Death of the Mall: The future of retail in Tucson

According to a survey, 20 to 25 percent of malls will close in the next five years. (Source:...
According to a survey, 20 to 25 percent of malls will close in the next five years. (Source: Eddie~S / Wikimedia Commons)
Published: Jul. 19, 2017 at 2:31 AM MST|Updated: Jul. 19, 2017 at 10:21 PM MST
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TUCSON, AZ (Tucson News Now) - Shopping is as American as apple pie.

It's a hobby and passion for many but the world of shopping is changing before our eyes, especially for malls and shopping centers.

According to a survey, 20 to 25 percent of malls will close in the next five years.

And Tucson's not immune. Some of our malls are struggling.

The once-booming Foothills Mall was sold at the end of 2016 and is being renovated.

Other malls and shopping centers are also struggling.

A 2009 photo showing empty stores at the El Con Mall in Tucson. (Source: Acc78 / Wikimedia Commons)

Some shoppers who love to go to stores and hate shopping online said they're not happy. Cassandra Alvarez is one of those shoppers.

"I dread it. I have to feel it before I buy it," she said. "You don't know if it's too small, too thin, you don't know if it's really what you're looking for. To buy this online I'd never know if it fits correctly, who knows who made it, where it's made, what the sizes are."

For Alvarez, it's not just about the actual purchase. She loves the experience of shopping – and worries her kids won't be able to enjoy the same experience.

"When my kids are old enough, it's probably not going to be an option to drop them off and say, 'Here's your money for clothes,' and then give them the freedom and take their time and be in a controlled kind of environment," Alvarez said.

But the writing is on the wall. The list is stunning. These big national chains recently announced store closings around the country and in southern Arizona:

Tucson News Now asked the owner of Tucson Mall and Park Place mall about the number of stores that have closed and their vacancy rates. The company  (GGP Inc.) did not give us that information, but issued this statement:

"Park Place and the Tucson Mall, both owned and operated by GGP Inc., have always been thriving regional shopping centers because they’ve evolved with the community.  Curation is a focal strategy at GGP, and Park Place and Tucson Mall are always pursuing ways to bring in new uses and introduce new concepts that shoppers have come to expect from these retail properties. The Tucson Mall recently introduced Twigs Bistro and Martini Bar to the Tucson market, added an Arizona Rose Theater, Tucson Games & Gadgets and will be opening a new Aeropostale and Hollister by this holiday season. Park Place is nearly 100 percent occupied, recently opened The Underestimated City (TUC) and is opening Boba Tea Company and Q (ladies apparel) in the next few months."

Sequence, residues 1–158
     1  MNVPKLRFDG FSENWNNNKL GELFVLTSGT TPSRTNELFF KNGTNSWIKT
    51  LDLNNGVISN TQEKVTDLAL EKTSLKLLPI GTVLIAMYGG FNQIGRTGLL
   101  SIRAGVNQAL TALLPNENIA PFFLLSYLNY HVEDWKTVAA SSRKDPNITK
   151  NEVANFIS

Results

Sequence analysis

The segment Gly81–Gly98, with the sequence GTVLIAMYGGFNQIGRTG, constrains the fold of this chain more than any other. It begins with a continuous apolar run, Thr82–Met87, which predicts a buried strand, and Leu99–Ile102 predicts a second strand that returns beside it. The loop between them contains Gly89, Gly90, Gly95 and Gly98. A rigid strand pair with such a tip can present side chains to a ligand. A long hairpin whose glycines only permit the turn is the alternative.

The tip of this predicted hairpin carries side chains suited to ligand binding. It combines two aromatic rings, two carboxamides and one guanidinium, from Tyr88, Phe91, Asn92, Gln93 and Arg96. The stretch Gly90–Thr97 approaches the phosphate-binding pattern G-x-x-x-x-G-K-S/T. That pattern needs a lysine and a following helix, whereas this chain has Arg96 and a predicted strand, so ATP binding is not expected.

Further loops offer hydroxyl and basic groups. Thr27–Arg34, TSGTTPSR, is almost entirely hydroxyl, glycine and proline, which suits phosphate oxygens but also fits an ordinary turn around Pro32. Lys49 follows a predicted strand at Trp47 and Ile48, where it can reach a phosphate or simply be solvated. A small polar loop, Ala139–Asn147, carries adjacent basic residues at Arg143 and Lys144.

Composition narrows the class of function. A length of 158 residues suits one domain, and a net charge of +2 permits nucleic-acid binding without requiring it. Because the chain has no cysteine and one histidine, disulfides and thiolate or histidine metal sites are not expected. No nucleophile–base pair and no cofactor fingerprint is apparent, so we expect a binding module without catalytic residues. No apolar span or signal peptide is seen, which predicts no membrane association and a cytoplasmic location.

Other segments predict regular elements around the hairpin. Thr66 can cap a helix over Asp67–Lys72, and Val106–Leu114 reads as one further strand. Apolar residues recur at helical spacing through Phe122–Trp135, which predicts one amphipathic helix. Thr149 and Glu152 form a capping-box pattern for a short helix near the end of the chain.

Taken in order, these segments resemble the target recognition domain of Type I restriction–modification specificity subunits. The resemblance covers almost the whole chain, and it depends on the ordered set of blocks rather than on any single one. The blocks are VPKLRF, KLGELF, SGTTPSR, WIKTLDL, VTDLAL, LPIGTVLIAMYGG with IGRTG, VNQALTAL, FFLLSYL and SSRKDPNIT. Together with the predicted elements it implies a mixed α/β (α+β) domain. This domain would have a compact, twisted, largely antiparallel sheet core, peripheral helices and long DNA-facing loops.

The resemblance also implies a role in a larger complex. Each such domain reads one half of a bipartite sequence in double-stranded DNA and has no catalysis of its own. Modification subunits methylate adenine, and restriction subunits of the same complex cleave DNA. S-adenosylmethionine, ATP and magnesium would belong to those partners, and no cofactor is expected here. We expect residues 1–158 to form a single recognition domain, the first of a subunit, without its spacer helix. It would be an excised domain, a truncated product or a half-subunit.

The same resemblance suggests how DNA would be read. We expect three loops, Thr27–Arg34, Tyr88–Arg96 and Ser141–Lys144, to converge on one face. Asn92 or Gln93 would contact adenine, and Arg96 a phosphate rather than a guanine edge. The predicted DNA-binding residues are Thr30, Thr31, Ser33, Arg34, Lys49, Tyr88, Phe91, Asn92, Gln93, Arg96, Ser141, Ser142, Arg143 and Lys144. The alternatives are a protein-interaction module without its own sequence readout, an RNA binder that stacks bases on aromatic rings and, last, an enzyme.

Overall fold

Kmart is just one of several national retailers to announce store closures in the past year. (Source: Flickr)

We looked at the numbers on Tucson's economy. While other sectors like manufacturing and aerospace are up – retail lost about 1,200 jobs in the past year. That's the most of any sector of our economy.

"Retail's gotten hit particularly hard this year," said George Larsen, who has owned and developed malls and shopping centers for the past 35 years. "There have been lots of store closures, no question about it."

Larsen admits retail has gotten hit hard and said the culprit is online shopping.

"The era of selling stuff in stores is pretty much over," he said. "If it's a commodity, it can be bought easier and faster on Amazon."

Larsen's company redeveloped the Bear Canyon Shopping Center on Tanque Verde near Catalina Highway.

It's currently filled to capacity and he said this is the mall of the future.

"The properties we're walking through are all Amazon-proof," he said. "This entire shopping center has only one store that sells stuff. Everyone else is restaurant, medical or service provider."

There's also a new school, church, yoga studio and gym for children.

If this Amazon-proof mall is the future, Alvarez doesn't buy that it will be the same.

"If they're not there anymore I think I'm going to cry," she said. "Sometimes you can't find what you need, except for in that one store."

(Source: Flickr)

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